If you’re regularly making multiple batches of pasta at a time, some of the more compact drying racks, which might only hold one or two servings of pasta, just won’t cut it. This solid beechwood rack from a family-owned kitchen tool company is large and sturdy and features four 18-inch wooden rods that can hold up to eight servings of pasta for drying. The tapered arms are cleverly angled so that hanging pasta strands won’t touch each other, and the solid wood base is stable, to prevent the rack from tipping over even when the dowels are fully loaded.
The rack is 16.5 inches tall, so it can accommodate even lengthy noodles, and it’s easy to clean by hand washing. On the downside, while the wooden arms slide out for storage and the center column can be disassembled from the base, it’s not as compact or easy to store as some of our other picks.
Most Versatile: Eppicotispai Beechwood Stackable Food Dryer
A strikingly different option, this made-in-Italy mesh rack in a solid wood frame is our most multi-purpose pick. While it’s not the best option for extra-long strands, it can also be used—unlike our other picks—for drying short, shaped, or filled pasta like gnocchi, orecchiette, or ravioli. It can even be used for drying herbs, vegetables, or fruit, and it’s stackable, so if you have large volumes of food to dry you can easily expand the capacity by purchasing multiple trays.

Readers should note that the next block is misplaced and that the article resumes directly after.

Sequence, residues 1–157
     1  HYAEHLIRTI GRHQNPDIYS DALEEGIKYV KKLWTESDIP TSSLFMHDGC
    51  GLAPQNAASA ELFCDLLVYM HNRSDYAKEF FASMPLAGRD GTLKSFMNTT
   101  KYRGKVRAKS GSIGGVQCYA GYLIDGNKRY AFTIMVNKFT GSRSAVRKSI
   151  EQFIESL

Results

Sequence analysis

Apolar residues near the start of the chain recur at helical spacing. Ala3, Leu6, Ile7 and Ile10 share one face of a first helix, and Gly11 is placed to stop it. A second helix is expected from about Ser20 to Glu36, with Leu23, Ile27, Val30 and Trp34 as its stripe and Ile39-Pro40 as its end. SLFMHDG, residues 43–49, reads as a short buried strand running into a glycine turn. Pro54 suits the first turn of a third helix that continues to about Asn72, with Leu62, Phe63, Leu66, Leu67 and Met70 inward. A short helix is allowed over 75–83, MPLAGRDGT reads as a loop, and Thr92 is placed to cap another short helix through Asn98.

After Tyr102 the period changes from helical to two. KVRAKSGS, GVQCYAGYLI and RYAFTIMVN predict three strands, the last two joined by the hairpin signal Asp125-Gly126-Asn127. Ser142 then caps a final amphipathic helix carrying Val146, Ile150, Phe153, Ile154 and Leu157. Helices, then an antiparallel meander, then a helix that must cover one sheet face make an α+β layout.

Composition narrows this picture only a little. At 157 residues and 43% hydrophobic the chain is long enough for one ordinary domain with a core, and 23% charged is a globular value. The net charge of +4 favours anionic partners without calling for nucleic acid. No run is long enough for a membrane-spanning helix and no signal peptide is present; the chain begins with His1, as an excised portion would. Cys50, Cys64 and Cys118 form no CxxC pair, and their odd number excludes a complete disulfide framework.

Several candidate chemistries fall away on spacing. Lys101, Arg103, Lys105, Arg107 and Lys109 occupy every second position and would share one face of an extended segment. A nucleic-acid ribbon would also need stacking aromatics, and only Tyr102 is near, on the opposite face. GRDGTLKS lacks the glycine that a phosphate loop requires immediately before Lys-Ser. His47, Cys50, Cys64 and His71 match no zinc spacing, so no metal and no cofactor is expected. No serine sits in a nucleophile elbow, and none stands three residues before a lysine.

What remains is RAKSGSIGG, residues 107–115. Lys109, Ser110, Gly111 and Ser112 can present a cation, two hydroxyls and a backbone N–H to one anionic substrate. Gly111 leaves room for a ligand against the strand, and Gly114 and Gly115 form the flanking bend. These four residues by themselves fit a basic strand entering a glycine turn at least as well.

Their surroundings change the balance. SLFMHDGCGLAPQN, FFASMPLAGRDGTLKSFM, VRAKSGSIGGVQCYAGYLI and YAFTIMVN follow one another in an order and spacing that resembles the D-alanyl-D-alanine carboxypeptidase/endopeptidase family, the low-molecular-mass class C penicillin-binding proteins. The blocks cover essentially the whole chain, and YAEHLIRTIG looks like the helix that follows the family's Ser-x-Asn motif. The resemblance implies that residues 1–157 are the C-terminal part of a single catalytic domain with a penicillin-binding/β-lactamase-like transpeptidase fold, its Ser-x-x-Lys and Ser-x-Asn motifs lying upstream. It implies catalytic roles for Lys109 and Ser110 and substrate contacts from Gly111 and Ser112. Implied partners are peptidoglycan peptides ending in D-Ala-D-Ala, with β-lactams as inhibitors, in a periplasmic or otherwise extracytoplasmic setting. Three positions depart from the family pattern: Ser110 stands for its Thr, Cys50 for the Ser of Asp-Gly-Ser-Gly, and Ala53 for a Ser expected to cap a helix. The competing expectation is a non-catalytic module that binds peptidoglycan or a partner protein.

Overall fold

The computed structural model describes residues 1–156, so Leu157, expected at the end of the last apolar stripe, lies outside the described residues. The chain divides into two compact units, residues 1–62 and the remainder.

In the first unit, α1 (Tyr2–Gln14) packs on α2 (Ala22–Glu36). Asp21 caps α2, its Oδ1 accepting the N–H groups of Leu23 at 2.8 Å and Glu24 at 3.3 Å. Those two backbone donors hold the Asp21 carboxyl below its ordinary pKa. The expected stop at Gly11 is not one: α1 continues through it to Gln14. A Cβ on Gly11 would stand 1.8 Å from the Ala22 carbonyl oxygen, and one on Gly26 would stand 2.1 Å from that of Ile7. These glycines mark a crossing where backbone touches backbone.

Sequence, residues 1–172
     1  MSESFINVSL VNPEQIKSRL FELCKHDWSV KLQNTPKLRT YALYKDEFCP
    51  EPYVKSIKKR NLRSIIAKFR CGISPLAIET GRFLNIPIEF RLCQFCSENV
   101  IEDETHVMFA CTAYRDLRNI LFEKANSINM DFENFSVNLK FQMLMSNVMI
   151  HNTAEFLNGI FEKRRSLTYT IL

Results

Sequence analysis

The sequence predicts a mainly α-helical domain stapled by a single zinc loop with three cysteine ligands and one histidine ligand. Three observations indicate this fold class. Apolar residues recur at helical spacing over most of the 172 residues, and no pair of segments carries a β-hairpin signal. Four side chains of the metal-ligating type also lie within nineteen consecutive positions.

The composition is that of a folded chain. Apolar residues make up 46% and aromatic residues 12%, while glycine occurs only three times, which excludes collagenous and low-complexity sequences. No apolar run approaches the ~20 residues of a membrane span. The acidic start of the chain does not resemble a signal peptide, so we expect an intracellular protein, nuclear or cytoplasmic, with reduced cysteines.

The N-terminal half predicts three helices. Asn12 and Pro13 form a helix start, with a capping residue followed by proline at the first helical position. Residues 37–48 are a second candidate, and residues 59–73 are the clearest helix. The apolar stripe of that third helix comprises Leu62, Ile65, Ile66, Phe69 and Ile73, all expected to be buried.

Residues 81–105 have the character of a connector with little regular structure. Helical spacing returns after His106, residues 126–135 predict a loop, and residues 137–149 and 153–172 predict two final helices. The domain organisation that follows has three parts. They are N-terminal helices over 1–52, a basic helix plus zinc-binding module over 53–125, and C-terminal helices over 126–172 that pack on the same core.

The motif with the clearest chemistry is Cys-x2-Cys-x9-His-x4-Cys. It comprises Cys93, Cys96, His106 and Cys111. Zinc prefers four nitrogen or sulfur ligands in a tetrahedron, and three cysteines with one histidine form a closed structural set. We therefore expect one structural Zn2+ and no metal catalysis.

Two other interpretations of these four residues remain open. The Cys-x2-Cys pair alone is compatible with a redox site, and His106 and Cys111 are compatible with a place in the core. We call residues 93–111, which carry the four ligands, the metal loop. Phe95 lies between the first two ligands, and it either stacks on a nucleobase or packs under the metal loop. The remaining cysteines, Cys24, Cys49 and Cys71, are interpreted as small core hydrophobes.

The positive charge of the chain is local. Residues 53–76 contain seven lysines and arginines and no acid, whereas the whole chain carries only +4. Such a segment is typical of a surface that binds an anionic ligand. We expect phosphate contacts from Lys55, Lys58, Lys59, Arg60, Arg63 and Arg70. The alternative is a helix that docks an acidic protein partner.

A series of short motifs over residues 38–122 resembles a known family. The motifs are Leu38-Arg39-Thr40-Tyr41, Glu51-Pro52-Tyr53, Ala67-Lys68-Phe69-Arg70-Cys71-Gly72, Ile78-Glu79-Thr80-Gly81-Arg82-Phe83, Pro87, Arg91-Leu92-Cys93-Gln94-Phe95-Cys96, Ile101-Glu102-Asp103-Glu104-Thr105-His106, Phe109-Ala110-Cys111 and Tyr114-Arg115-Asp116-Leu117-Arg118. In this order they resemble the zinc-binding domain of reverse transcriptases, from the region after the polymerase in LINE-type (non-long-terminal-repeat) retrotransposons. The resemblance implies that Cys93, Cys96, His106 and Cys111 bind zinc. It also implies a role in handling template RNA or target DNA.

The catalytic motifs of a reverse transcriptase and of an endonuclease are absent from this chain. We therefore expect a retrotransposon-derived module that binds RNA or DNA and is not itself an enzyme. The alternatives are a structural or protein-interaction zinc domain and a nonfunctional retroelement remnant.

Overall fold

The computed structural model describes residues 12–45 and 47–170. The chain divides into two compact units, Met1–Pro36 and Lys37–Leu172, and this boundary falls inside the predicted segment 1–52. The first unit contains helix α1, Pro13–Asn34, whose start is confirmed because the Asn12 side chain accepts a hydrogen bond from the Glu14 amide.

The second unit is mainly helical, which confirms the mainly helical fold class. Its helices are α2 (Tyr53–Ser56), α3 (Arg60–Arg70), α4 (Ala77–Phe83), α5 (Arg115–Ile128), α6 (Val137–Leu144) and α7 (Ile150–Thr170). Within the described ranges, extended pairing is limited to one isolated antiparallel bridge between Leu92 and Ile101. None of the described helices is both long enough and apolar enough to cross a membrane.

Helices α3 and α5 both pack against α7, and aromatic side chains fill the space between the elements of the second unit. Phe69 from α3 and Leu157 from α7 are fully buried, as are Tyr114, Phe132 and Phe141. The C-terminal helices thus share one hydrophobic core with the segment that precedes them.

The wooden legs are removable, for flat storage, and the food-safe plastic mesh has large holes for better air circulation and easier cleaning.
Best Set: JEWLUXURY Wood Pasta Drying Rack with 18" Rolling Pin
This handsome dark-wood set includes a pasta drying rack with 10 arms that offer plenty of hanging space, so you can dry multiple servings of pasta at once. The rack is 17.5 inches tall, so you can hang even super-long noodles from the top level. The arms swivel out into a spiral shape to support noodles while drying, then back into a flat plane for storage.
The solid wood base is stable, to support up to 4.5 pounds of pasta, and the matching, 18-inch French rolling pin is smooth and weighty, with gently tapered edges. It’s perfect for hand-rolling pasta, of course, but can also be used for rolling out cookie or pastry doughs.
This set is a great deal if you prefer to roll out your pasta dough by hand, the old-fashioned way, rather than using a machine. But like the Marcato, a drawback to this spiral-arm rack is that only shorter noodles will fit on the lower arms.
Best Folding: Crate & Barrel Acacia Pasta Drying Rack
This elegant acacia-wood rack is simple and efficient. Its eight smooth, rounded rods fold up for drying strands of fresh pasta or noodles and down for easy, flat storage. It’s a sturdy and affordable option, despite its classy looks, and unlike some other wood pasta racks, it features an oil finish that prevents dough from sticking and makes it easier to clean and more resistant to stains and warping.
One potential downside is that, at 11.5 inches high, it’s not as tall or large-capacity as some other racks. But if you don’t plan to dry large batches of pasta or don’t mind using multiple racks to do so, it’s not a deal-breaker.
Why Trust The Spruce Eats?
This article was written by Danette St. Onge, formerly the Italian Food Expert for The Spruce Eats and a features editor at Cook’s Illustrated magazine (part of America’s Test Kitchen). An avid kitchen appliance junkie, she spends hours combing the Internet, comparing options, reading reviews, and testing devices to find the best tool for every job.